How can two languages co-exist in the same brain? Tim Smith-Laing on the superpower of bilingualism
In the central London primary school where I teach one day a week, around two thirds of the children live their lives in two or more languages. When I asked a class of eight-year-olds to help me put the numbers 1 to 10 up on the board in the languages they knew, we ran out of time before we could get through them all. By the end of the hour, the board had Polish, Italian, Arabic, Kurdish, Bengali, Pashto and Hindi on it. Had we had more time, we could have added Korean and Spanish, too. I do not mind admitting that, at times, it seems slightly redundant to be teaching the same children Latin as a basis for expanding their English grammar and literacy.
If two thirds of a class seems like a lot, it probably should not. While there is little pressure on Britons and Americans to learn foreign languages, Albert Costa points out in The Bilingual Brain that “the majority of the world’s population can communicate in more than one language”. Though a certain amount depends on how you choose to define bilingualism, it is, in global terms, “the rule rather than the exception”. So while my class might seem out of the ordinary in Britain – where only 38 per cent of us speak a language in addition to English – they are entirely representative of the wider world. Just like them, two thirds of children across the world are raised in bilingual environments.
Those of us who were born into the other, monoglot third, and who have struggled to learn foreign languages to any degree of competence later in life, may well be jealous. It is, of course, possible to learn a language almost as well as a native speaker – Joseph Conrad, for instance, took up English in his 20s, and went on to become one of the greatest prose stylists ever to have written in it. But it is also an enormous challenge: learning, understanding and replicating the grammar, phonological properties and everyday pragmatics of languages to fluency as an adult is no mean feat. Even Conrad, rather comfortingly, never lost what was by all accounts a nearly impenetrable Polish accent. For my own part, I have recently been trying to brush up the Japanese I spent three months learning and 12 years forgetting. After several months of daily sessions, my app informs me that I now know nearly all the ideograms that would be familiar to a Japanese six-year-old. Nearly. To be born into a language is to be a fish in water; to learn one is like wading through treacle.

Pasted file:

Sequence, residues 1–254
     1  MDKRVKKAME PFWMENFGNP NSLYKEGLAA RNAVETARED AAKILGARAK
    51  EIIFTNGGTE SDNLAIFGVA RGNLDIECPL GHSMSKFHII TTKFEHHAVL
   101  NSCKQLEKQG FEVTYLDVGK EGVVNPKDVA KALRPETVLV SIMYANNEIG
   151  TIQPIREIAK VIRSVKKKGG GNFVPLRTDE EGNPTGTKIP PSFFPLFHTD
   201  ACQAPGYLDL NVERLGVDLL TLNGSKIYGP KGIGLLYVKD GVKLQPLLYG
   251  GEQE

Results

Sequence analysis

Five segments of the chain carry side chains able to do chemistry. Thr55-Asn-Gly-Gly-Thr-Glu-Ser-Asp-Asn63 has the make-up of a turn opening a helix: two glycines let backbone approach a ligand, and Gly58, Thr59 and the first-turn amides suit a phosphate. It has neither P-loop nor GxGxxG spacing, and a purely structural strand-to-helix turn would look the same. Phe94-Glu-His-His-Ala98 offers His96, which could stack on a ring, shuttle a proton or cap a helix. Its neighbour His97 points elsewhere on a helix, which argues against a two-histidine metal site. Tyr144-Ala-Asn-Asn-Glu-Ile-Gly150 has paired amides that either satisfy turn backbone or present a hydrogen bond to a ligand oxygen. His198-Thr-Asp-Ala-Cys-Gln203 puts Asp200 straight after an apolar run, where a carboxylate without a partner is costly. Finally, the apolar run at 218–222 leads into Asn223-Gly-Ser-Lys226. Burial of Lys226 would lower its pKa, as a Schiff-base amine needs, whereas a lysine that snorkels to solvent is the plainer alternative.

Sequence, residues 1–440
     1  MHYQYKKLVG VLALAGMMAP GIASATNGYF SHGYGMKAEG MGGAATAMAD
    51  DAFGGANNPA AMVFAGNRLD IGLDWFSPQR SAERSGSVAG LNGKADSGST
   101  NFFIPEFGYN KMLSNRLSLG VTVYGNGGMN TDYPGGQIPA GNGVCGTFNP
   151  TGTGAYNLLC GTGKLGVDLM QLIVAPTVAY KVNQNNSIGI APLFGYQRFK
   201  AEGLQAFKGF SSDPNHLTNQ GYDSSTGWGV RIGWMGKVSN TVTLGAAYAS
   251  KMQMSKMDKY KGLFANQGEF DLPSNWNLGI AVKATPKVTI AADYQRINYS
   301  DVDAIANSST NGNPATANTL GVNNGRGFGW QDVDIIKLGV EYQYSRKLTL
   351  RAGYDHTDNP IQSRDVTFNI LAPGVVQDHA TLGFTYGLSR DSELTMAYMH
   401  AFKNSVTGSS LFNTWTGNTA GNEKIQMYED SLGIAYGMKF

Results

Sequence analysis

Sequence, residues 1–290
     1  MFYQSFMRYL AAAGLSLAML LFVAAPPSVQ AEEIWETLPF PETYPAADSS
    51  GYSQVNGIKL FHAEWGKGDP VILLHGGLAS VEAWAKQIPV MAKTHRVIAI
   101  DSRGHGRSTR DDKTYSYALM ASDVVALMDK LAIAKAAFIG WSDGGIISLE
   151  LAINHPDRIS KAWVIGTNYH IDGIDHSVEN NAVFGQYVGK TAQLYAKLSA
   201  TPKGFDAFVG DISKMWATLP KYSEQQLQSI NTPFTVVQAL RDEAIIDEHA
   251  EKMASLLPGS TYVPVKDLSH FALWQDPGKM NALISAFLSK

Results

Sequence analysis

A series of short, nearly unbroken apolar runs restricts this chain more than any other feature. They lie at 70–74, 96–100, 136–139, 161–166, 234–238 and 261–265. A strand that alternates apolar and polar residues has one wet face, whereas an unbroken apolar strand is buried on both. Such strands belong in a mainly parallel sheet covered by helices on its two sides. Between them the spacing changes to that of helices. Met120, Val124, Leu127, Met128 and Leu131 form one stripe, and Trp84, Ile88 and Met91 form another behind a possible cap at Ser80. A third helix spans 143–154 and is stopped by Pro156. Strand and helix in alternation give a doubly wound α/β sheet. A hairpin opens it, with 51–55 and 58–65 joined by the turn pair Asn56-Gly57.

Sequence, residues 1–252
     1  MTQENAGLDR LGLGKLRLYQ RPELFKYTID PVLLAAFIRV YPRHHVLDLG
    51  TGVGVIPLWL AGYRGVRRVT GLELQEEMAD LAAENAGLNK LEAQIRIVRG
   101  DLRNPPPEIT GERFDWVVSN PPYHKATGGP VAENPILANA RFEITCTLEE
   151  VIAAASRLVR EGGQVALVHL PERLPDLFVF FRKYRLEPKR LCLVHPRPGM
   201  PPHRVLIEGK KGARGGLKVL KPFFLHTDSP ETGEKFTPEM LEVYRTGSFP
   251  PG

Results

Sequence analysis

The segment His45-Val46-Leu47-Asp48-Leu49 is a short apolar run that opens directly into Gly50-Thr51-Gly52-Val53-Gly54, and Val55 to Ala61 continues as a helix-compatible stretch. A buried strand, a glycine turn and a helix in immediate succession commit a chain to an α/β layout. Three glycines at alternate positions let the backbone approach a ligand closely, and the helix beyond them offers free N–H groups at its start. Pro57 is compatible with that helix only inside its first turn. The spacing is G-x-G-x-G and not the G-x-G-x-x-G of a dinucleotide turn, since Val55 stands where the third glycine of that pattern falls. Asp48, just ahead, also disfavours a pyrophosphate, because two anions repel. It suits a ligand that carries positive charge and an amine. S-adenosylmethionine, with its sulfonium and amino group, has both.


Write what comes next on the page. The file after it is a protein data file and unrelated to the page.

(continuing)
Not for nothing, then, is bilingualism sometimes talked about as something akin to a superpower. Whether it actually is, though, is another question. Indeed, as The Bilingual Brain makes clear, it is a whole slew of questions. In the first place, given that it is the norm in much of the world’s population, “Is there anything special about being bilingual?” If there is, and given the vast amount of information implicated in “knowing” a language, how do two languages coexist in the same brain? Does such coexistence confer, beyond communicative flexibility, tangible cognitive benefits, or might it, in fact, do the opposite, and bring cognitive disadvantages? In either case, how exactly might it affect decision-making, the attentional system or even the development of neurodegenerative diseases?
The slight issue with The Bilingual Brain is that there are, in fact, rather more questions than there are answers. Before his premature death in 2018, Costa was a leading researcher in the field of psycholinguistics, and this book approaches its subject with a scientific caution and care that is by turns admirable and frustrating. The five chapters are dedicated successively to the early formation of bilingual babies’ brains; the representation of languages in adult brains; the effects of bilingualism on language processing in general; the attentional system; and our decision-making processes. These chapters act, more than anything else, as a primer in the ingenious techniques by which experimenters have tackled the questions around bilingualism.
But despite the ingenuity, the actual results, as Costa notes, show only slim differences in cognitive outcomes between bilingual and monolingual brains – and some of these have, themselves, proven hard to replicate reliably. So, while bilingual children seem to develop “theory of mind” (our empathetic sense of the otherness of other people) earlier than monolinguals, and while making decisions in a non-dominant language seems to encourage slower, and therefore more rational, choices, proof of other “behavioural advantages” is thin on the ground. There is, as Costa readily admits, a lot to be found out.
What The Bilingual Brain never really broaches, though, are the very obvious joys of knowing, and learning, languages. For those of us who enjoy wading through treacle, the knowledge that bilingualism is probably not a superpower or anything like it should be rather heartening. I, for one, am really looking forward to being able to read Japanese almost as well as a seven-year-old.
The Bilingual Brain is published by Allen Lane, £20.00. To order your copy for £9.99, call 0844 871 1514 or visit the Telegraph Bookshop